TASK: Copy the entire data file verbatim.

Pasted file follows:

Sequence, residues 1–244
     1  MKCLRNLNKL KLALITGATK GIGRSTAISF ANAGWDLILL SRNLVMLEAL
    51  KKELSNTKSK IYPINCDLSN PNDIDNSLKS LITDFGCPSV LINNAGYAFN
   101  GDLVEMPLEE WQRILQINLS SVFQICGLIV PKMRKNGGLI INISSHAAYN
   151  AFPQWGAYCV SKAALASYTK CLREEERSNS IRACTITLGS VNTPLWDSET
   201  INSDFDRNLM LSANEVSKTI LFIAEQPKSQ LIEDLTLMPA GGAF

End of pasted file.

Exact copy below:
Sequence, residues 1–244
     1  MKCLRNLNKL KLALITGATK GIGRSTAISF ANAGWDLILL SRNLVMLEAL
    51  KKELSNTKSK IYPINCDLSN PNDIDNSLKS LITDFGCPSV LINNAGYAFN
   101  GDLVEMPLEE WQRILQINLS SVFQICGLIV PKMRKNGGLI INISSHAAYN
   151  AFPQWGAYCV SKAALASYTK CLREEERSNS IRACTITLGS VNTPLWDSET
   201  INSDFDRNLM LSANEVSKTI LFIAEQPKSQ LIEDLTLMPA GGAF